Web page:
I AM writing to express first my disbelief, and then my extreme disappointment, regarding the decision of David Cameron to by-pass the Leveson enquiry recommendations.
No doubt, the lobbying from the newspaper owners has convinced him that if he doesn’t do what they want, his party will suffer at their hands at the next election. This is the kind of power some parts of the press have had over our politicians in the past and, some would say, still do.
They (some parts of the press) like to think of themselves as a special group outside the law. For them, the freedom of the press is sacrosanct. The Leveson enquiry exposed just how outside the law they really are. They are not a special case. Every freedom comes with a proviso that you don’t hurt other people while exercising your “freedom”.
If you do, then the law should limit your freedom to protect other people’s freedom. We should limit the freedom of the press people to stop them from ruining other people’s lives. We should limit the freedom of the press when they tell lies for the purpose of selling newspapers. We should limit the freedom of the press when they break laws that respect people’s privacy. We should limit the freedom of the press when they stalk people, when they hound people, when they cluster round people’s door like a pack of hungry wolves.
To do this, we need a truly independent regulator and firm laws that are strong enough to deter the rich, powerful press owners and their employees from doing what they have been doing for decades and decades without any hope of justice for the victims of their criminality.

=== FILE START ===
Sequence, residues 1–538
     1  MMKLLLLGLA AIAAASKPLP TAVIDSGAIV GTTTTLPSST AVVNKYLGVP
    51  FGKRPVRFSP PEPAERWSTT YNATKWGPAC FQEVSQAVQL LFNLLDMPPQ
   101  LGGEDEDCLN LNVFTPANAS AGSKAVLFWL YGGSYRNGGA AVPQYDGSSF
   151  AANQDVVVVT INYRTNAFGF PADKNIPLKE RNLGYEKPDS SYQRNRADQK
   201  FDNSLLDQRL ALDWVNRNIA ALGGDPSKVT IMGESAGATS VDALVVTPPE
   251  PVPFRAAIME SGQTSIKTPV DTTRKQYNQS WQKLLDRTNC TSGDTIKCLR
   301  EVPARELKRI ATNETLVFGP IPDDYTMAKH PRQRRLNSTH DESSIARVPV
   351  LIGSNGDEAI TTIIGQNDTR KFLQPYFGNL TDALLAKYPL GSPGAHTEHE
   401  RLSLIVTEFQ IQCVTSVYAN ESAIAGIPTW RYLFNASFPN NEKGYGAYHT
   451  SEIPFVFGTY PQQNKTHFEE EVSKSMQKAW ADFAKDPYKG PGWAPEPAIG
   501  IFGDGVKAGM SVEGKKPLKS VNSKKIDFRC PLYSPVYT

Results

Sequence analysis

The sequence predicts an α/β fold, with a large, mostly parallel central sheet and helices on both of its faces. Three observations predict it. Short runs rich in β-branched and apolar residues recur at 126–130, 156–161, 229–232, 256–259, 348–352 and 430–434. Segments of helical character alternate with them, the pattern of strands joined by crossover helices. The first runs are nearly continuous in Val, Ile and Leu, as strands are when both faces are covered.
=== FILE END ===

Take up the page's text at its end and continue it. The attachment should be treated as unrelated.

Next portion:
As far as a Royal Charter goes, if this were a new city being set up, it might suffice, but it is a non-starter when it comes to needing a democratic way to solve a long-standing problem like this. It’s about as democratic as the House of Lords. Just what a rich, privileged person would suggest, I suppose.
Mr Cameron asked Mr Justice Leveson to carry out the enquiry, and for most people he did a good job. His recommendations were nothing if not careful and measured. However, to the dismay of the victims, this David is no Goliath-fighter. He has now forgotten his promise to make sure that the phone hacking, the lying, the dirty unethical tricks and all the appalling practices that Leveson found should not be allowed to happen again.
If, after all the time and money spent on this, Mr Leveson’s findings are not acted upon in a proper, democratic way, it’ll be business as usual for the criminally inclined among the press and more victims in search of justice.